Five Tips for Teaching Engineering to English Learners

Posted by Annie Whitehouse on 4/4/17 11:00 AM

AH0A5132-4.jpgThe EiE team is committed to making engineering accessible to all students, including the fastest-growing student population in the U.S. in the last decade—English Learners. It’s why we offer Spanish translations of storybooks and student worksheets to everyone that has purchased an EiE unit (call our customer service team at (617) 589-0230 to learn more). We know that even when you have the resources, it can feel intimidating to begin an engineering curriculum in a classroom with English Learners. But teachers have told us that the risk is worth the reward—even though EiE requires a lot of thought and preparation, they’ve seen how EiE excites and engages their English Learner populations. Karissa Weiler; a third-grade teacher at Keeling Elementary in Tuscon, Arizona; loves using EiE with her kids. After we visited her school to shoot some classroom videos, we knew we had to share some of her strategies—when you see her class in action, we think you’ll agree! Check out Karissa’s five tips below and scroll to the bottom to watch our brand
new video.

1. Don’t be intimidated

AH0A5480-16.jpgMany teachers feel apprehensive about teaching engineering, a subject they might not know much about. Karissa felt this, way, too—until she dove in! “Don’t think ‘Ugh, I’ve never done this before,’” she says. “The best thing to do is to try it. Come to it with the mindset that you’re learning, too, and adapt it to your class; respond to what they need.” If you’re worried that you might forget a term or if your demonstration doesn’t turn out perfectly on your first try, don’t worry! As Karissa says, “Remember the Engineering Design Process; you can always improve!"

2. Front-load tricky concepts

Karissa knows that learning new vocabulary words can be tough for her English Learners, so she makes sure to start working on them before she begins teaching EiE. She suggests reviewing the unit ahead of time to familiarize yourself with terms that might be unfamiliar to your English Learners, creating and displaying vocabulary cards with pictures around your classroom, and repeating the terms in context a lot. How much is a lot? “I sound like Dora the Explorer because I keep saying the vocabulary words and having [students] repeat them,” jokes Karissa. “But it works!”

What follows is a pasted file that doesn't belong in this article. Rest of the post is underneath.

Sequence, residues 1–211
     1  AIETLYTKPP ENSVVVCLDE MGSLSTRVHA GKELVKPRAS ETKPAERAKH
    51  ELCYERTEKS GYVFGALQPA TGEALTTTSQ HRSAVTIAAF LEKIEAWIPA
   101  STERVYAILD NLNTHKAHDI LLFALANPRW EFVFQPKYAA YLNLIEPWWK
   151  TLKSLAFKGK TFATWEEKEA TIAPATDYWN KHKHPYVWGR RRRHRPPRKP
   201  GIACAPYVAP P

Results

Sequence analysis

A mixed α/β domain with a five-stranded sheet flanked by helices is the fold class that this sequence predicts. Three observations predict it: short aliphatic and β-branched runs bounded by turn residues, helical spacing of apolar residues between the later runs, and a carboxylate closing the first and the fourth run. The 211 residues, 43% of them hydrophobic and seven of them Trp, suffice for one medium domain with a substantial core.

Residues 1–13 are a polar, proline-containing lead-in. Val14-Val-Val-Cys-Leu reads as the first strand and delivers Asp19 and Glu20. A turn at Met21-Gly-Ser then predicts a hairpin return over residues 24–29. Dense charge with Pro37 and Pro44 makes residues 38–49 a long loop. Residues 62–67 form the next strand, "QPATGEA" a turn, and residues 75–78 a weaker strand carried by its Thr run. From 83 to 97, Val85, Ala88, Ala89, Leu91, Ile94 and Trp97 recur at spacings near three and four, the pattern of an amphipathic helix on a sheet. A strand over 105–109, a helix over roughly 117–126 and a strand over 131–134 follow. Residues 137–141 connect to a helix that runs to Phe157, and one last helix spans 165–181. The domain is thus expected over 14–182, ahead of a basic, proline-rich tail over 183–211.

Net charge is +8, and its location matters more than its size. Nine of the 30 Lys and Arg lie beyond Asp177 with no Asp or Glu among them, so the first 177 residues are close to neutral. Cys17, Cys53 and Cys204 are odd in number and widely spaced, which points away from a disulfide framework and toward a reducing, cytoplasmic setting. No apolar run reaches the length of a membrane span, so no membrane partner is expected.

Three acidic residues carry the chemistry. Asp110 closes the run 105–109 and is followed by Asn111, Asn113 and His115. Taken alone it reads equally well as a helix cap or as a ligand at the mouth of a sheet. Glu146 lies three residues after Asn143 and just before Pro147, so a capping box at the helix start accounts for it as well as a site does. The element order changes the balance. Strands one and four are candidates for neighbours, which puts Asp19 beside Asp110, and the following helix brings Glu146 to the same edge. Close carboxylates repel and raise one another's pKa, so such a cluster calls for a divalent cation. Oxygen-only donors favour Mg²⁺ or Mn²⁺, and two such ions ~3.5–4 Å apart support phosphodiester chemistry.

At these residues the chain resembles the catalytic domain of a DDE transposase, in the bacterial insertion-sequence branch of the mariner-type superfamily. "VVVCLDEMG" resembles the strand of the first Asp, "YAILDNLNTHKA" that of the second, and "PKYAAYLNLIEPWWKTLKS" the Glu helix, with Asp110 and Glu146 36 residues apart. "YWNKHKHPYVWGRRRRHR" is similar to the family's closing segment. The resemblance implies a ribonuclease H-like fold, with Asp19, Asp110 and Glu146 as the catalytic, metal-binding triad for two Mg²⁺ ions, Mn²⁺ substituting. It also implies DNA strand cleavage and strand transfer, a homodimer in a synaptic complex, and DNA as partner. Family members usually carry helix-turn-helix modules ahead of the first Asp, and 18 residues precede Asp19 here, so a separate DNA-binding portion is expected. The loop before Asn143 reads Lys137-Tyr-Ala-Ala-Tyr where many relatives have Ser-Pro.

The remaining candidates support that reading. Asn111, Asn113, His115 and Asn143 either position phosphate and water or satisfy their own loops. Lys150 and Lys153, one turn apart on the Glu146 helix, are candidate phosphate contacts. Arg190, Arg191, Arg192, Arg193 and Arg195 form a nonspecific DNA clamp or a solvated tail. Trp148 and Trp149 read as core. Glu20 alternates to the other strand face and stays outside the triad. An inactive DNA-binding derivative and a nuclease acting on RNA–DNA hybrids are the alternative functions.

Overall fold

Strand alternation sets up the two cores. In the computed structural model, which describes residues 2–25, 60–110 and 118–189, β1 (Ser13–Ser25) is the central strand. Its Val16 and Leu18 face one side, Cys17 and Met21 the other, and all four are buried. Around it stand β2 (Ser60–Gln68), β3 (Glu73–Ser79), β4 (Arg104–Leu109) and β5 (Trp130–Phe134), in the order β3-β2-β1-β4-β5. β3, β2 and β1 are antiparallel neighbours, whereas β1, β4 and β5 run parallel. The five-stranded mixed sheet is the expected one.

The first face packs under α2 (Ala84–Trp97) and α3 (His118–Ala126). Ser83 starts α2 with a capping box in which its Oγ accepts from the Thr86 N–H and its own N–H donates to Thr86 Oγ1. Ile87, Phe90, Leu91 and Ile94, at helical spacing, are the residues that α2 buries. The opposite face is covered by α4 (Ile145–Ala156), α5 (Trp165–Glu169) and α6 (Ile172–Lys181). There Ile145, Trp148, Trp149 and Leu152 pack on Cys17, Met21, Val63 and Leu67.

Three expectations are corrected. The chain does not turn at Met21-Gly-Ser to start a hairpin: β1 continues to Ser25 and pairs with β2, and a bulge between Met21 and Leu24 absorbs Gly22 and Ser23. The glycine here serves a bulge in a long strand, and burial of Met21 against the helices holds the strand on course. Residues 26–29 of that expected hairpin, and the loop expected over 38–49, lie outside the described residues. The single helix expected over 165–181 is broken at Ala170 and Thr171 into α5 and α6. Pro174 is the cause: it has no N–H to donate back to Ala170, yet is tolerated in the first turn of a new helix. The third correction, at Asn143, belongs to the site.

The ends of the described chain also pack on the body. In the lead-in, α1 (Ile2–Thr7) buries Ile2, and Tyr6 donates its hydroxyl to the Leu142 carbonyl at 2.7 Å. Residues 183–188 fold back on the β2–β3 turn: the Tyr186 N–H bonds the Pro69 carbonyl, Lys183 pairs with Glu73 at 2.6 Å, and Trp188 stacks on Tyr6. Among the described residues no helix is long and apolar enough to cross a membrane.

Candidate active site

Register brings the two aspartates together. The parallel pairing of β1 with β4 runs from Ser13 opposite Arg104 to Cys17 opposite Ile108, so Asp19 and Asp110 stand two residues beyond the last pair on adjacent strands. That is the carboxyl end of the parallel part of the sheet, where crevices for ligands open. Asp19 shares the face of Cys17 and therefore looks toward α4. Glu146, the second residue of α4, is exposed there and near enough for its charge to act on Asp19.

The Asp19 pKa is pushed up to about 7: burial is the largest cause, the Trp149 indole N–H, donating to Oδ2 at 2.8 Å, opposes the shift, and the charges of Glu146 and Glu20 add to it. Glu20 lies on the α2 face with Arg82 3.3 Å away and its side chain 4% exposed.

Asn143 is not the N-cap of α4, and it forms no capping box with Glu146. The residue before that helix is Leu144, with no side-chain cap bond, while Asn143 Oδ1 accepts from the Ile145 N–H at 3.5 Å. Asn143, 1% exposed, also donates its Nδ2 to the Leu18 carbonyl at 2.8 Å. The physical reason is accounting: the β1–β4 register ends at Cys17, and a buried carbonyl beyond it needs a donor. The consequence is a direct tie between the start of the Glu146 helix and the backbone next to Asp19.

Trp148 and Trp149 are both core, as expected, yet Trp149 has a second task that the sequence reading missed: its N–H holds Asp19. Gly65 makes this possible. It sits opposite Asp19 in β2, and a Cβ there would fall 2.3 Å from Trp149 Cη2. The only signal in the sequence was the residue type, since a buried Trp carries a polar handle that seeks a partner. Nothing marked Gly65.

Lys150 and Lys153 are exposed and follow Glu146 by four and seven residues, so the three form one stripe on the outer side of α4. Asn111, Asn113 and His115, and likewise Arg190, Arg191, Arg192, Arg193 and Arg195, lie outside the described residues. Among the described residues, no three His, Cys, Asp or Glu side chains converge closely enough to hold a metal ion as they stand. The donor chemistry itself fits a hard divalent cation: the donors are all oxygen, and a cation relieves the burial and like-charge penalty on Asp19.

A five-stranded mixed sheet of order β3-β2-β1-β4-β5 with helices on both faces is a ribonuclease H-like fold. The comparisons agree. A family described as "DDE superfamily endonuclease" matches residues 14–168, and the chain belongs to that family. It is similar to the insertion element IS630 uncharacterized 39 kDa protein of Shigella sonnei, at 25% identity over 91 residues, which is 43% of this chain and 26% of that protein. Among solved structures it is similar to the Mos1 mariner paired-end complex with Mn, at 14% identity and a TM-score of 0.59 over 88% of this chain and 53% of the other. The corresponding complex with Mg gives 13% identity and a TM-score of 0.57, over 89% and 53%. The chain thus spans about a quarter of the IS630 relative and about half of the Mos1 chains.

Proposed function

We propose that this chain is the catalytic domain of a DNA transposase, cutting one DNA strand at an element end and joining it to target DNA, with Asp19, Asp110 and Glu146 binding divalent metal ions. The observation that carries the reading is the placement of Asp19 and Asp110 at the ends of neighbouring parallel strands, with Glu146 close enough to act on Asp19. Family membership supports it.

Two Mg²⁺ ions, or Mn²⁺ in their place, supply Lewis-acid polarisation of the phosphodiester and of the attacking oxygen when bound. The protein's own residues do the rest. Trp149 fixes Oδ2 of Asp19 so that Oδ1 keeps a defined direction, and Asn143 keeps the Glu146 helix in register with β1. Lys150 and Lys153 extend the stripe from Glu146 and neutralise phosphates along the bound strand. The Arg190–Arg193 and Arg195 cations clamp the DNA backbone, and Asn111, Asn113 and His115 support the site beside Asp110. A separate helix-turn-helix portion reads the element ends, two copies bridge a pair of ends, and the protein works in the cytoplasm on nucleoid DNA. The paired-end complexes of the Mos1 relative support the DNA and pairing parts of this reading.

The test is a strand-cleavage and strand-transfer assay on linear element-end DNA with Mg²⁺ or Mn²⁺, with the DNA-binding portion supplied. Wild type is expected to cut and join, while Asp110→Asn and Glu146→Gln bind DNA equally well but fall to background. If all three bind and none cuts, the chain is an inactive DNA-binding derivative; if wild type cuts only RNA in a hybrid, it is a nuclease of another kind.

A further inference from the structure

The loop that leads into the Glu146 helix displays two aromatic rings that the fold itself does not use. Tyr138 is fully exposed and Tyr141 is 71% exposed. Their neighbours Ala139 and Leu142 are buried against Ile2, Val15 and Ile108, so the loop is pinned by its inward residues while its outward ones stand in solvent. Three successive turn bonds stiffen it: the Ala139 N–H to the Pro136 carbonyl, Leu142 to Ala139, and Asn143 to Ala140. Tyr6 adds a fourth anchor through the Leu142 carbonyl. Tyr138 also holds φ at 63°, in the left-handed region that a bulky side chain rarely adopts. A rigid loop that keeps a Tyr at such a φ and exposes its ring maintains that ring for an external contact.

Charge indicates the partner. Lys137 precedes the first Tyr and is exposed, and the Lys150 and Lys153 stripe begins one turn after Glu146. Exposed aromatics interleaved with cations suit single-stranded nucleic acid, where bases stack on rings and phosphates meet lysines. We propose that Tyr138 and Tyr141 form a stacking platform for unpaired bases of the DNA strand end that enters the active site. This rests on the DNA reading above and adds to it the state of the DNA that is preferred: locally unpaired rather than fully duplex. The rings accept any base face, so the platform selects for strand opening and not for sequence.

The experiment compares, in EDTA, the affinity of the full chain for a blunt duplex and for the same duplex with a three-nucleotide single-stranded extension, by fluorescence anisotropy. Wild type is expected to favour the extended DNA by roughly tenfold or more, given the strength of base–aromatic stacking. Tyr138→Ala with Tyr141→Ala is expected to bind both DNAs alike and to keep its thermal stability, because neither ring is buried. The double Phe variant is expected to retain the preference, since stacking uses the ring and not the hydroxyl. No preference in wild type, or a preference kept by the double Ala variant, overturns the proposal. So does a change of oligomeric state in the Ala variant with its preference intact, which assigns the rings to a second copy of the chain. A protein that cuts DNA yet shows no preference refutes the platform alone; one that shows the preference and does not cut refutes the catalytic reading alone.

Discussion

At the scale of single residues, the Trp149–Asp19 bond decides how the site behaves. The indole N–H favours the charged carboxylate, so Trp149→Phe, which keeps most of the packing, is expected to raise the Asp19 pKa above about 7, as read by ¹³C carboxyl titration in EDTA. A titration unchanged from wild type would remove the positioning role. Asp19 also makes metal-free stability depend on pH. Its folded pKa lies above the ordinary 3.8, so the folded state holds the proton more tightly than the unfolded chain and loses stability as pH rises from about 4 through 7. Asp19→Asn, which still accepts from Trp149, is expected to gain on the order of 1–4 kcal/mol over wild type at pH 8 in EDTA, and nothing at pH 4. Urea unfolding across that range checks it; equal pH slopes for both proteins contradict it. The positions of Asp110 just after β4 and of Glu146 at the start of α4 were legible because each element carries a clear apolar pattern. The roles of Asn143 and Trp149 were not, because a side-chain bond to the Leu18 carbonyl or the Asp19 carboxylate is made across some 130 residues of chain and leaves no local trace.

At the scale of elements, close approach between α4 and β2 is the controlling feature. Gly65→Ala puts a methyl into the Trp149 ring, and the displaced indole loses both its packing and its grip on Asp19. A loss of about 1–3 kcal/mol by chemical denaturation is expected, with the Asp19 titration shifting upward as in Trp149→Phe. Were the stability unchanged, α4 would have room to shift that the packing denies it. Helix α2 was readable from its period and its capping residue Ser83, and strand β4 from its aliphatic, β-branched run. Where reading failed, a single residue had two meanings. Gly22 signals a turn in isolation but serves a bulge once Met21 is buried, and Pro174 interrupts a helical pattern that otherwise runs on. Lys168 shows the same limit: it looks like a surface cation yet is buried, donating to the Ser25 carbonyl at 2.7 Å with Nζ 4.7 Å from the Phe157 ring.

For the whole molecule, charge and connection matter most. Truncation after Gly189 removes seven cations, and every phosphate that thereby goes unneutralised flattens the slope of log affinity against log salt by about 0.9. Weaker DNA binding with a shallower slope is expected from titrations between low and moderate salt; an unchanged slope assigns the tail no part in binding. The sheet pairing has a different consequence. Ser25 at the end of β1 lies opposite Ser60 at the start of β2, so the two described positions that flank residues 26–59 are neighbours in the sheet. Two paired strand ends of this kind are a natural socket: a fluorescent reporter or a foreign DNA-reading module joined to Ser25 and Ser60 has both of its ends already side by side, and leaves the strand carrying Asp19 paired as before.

She applies the same strategy to abstract concepts—for instance, when she taught Solid as a Rock: Replicating an Artifact, she did some rock cycle activities with crayons before she taught the unit to make sure her students’ science background knowledge was solid. She says that when you lead in with hands-on science activities, you know your kids will be ready to go when they get to EiE!

3. Use the storybook to fill in gaps

AH0A5329-7.jpgEvery EiE unit starts with a context-setting storybook featuring a kid solving a real-world problem with engineering. Karissa says the storybooks make a good reference point for her English Learners—when students come from many different backgrounds, they may not all have the same experience to draw from. When Karissa’s students don’t understand the examples she gives in class, she always asks them to “remember the storybook”! The common reference point of the character’s experience enriches classroom conversations and increases equity among all students.

4. Group strategically

Karissa creates student groups to ensure that everyone has a chance to succeed in the engineering challenge. She says she “pair[s] up the highest need kids with kids who like to model and explain—it’s kind of like assigning them a job.” She adds that it’s important to know your students’ strengths, and to keep an eye out for kids who would flourish in a “helper” role. The most “rambunctious” students in Karissa’s class will let their friends show them how to do something, “even if they don’t want to talk to their teacher about it!” If your English Learners aren’t the strongest writers, for example, you might find that they are amazing builders or data collectors. She relates it back to the work of engineers—because teamwork is so vital to engineering, it’s important to have a variety of skill sets in each student group so that kids can collaborate and achieve their goals.

5. Get ready for your kids to blow you away!

Teachers always tell us how excited they are when engineering activities bring out another side of their students. Karissa loves the way engineering illuminates brand new skills: she says, “Some kids, you know how well they’re going to do, but some kids surprised me with how they stepped up to the plate when they were given a chance to be a leader.” She recalls a students’ pride when their peers voted for them to be the group’s artifact carver and says that these kinds of moments help her “discover a new part of [students’] personalities that [she] didn’t know about before.” We think that’s pretty amazing!

Dedicated educators like Karissa strengthen our commitment to making engineering accessible to English Learners, and to all students. Check out footage of her class in action below!